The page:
The combustion chamber operates with a line burner which prevents the entry of cold combusting air, and allows the combustion of a non-negligible fraction of vaporized solvents that pass through the flame. A temperature controller operates in the combustion chamber, regulating the chamber temperature by acting on the inlet valve of auxiliary fuel and ensures a minimum trigger temperature of 250°C of the inlet air flow.
Downstream of the catalytic unit operates the primary temperature controller which regulates the output temperature between 380-450°C, with direct action on the secondary temperature controller operating in the combustion chamber.
In catalytic combustion, the economic advantages resulting from lower auxiliary fuel consumption must be compared with the catalyst purchase cost, with the washing costs, and with the replacement cost of an exhausted catalyst. Economic considerations often turn in favour of the catalytic combustion as in the absence of well-known and specific hazardous substances the useful catalyst life is assured at a level of 15,000 – 30,000 hours.
It should be considered that, in normal applications, the air flow must be filtered by powders up to 0.1-0.3 g/Nm3 to avoid soiling of absorption surfaces and frequent use of suitable washing of the catalytic units.
Cematek has an extensive experience in the field of catalytic combustion of recovery type, usually proposed in combination with the solvent concentration process.
The catalytic combustion is normally operated at a concentration between 3-8 g/Nm3 depending on the operating conditions of the upstream solvent concentration. Downstream temperature of the catalytic unit is controlled between 320-450°C according to the type of the solvents to be oxidized. The catalyst is precious metals Pt or Pt+Pd based, dispersed in microporous alumina in monoliths of cordierite with straight channels.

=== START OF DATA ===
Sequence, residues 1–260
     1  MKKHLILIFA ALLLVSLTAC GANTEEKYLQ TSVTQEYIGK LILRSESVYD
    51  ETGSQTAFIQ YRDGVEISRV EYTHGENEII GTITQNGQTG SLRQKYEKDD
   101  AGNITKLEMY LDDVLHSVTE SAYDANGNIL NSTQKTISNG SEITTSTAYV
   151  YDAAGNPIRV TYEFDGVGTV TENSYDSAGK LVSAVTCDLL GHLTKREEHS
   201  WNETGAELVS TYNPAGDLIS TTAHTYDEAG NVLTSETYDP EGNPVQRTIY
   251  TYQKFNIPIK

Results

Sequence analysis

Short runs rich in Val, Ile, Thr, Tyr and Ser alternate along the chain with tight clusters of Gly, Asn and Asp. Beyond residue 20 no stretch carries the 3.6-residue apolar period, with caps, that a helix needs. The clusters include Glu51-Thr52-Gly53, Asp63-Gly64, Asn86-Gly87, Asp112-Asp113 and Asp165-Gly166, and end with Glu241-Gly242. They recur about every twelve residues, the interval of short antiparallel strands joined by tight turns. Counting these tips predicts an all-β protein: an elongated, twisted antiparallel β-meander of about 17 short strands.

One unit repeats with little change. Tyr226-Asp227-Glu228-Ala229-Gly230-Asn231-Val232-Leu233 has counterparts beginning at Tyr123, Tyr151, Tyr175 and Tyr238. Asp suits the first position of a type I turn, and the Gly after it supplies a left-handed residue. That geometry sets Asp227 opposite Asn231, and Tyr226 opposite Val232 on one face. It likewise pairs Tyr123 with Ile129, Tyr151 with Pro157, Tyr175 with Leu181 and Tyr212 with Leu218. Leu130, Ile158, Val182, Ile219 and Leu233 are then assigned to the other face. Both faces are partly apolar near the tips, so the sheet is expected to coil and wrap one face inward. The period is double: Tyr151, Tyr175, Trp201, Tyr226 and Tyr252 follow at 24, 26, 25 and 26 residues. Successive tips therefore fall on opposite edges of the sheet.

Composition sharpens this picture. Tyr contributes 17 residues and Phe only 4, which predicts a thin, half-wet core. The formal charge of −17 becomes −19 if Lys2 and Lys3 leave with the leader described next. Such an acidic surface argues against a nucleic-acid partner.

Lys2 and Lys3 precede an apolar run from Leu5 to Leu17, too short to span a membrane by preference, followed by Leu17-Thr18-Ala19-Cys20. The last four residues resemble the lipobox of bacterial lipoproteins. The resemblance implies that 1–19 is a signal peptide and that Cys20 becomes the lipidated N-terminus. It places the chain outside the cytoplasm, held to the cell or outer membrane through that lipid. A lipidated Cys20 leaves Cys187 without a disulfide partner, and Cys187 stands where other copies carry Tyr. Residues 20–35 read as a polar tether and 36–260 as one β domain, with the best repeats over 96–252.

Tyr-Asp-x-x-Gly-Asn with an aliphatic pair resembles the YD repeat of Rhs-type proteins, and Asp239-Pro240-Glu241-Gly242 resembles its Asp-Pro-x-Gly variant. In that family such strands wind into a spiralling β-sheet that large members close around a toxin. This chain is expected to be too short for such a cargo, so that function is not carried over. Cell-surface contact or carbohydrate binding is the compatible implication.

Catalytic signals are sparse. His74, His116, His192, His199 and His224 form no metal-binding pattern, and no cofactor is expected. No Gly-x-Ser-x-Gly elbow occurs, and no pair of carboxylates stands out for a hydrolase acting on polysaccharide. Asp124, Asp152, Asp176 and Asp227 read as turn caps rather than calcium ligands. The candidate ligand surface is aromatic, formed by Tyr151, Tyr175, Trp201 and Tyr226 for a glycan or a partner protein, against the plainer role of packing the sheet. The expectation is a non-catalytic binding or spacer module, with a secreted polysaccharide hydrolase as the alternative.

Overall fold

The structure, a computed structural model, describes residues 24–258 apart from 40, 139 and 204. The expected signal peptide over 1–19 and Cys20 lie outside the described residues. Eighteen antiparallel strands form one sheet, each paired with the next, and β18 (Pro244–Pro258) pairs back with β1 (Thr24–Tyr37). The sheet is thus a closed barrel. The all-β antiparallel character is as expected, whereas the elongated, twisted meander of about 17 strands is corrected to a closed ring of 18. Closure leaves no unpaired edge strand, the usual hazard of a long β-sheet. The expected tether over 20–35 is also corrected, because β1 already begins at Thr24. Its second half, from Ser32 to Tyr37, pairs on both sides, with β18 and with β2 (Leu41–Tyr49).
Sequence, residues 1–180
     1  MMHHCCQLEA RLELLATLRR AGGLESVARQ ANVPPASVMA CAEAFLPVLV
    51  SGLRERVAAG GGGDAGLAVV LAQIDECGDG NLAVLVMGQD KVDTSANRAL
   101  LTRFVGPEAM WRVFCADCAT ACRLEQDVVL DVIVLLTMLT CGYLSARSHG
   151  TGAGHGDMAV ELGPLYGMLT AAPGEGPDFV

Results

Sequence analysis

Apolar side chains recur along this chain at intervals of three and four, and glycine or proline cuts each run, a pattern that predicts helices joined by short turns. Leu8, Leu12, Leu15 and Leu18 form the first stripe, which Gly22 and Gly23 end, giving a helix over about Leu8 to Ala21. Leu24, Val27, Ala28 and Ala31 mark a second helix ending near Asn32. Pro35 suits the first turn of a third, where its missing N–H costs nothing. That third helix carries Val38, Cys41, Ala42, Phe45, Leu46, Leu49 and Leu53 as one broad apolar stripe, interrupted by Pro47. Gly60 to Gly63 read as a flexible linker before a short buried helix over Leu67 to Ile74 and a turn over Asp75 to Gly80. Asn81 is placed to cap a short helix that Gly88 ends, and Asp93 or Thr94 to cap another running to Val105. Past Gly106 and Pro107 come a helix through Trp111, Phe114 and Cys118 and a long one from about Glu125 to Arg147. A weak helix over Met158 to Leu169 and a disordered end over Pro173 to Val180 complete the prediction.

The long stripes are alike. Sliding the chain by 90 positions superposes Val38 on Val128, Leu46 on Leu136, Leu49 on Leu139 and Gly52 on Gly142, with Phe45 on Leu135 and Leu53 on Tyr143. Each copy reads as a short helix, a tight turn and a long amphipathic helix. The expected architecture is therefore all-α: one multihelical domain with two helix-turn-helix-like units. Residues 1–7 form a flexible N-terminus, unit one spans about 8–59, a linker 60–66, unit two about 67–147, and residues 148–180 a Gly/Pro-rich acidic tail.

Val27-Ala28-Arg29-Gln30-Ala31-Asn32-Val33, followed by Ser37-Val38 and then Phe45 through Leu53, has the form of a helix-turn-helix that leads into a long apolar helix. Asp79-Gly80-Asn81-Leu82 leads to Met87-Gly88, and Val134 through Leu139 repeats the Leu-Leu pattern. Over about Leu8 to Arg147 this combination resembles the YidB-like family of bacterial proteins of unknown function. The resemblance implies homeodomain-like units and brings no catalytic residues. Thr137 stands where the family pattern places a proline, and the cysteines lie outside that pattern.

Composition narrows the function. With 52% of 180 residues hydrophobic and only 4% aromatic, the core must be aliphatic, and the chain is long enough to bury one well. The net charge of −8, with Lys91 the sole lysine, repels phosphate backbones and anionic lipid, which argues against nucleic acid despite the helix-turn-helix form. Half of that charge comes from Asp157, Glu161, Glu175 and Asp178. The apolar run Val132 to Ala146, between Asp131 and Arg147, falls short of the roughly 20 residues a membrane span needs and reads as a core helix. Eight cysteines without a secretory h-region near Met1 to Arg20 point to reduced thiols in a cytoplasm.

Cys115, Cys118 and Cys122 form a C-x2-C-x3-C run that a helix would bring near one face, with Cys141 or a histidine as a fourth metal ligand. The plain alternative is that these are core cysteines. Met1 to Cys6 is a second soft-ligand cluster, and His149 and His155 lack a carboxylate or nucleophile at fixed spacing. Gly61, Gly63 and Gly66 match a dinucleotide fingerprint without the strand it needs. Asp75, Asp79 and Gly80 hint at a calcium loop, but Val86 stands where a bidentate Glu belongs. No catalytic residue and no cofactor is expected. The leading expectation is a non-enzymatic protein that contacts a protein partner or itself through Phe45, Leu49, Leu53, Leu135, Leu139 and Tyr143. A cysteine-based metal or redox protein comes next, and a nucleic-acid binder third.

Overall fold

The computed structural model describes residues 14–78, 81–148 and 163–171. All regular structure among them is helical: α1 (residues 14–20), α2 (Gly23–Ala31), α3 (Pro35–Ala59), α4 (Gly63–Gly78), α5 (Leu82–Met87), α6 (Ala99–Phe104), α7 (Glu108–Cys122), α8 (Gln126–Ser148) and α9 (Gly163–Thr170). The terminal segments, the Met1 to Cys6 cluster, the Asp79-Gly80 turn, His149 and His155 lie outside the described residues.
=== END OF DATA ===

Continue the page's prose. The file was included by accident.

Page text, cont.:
In accordance with the temperature profiles along the catalytic surface from the triggering temperature, often below 260°C, to the output temperature, often over 450°C, there are monoliths of different composition and formulation in order to optimize the cost of the catalytic unit with the highest performance.
With spatial velocity between 20,000-25,000 hours-1 CO2 conversion yields of more than 98% are obtained.
Heat output of the recovery unit is usually expected at 50% which is optimum value for the combustor coupled with the solvent concentration unit.
Cematek proposes the catalytic combustion of regenerative type with two towers in the processes of CO2 combustion, dioxin destruction, oxidation of chlorinated hydrocarbons. Sometimes the catalytic combustion of regenerative type is proposed in the oxidation of organic solvents, if the complexity of the solvent mixture is such as to discourage any kind of adsorbent available solution.
Cematek has a pilot plant dedicated to the study of catalytic oxidation reactions, with a capacity of 50 Nm3/hour, built with the purpose of refining the procedures of catalytic surfaces sizing and experimentation of new formulations. Test are programmed on this pilot plant to verify the level of activity of catalytic monoliths installed in operative plants and for the control of monoliths reactivated after washing with basic and acid solutions. It can be installed on branches of industrial polluted air flows in order to verify the effectiveness of catalytic oxidation on gaseous effluents.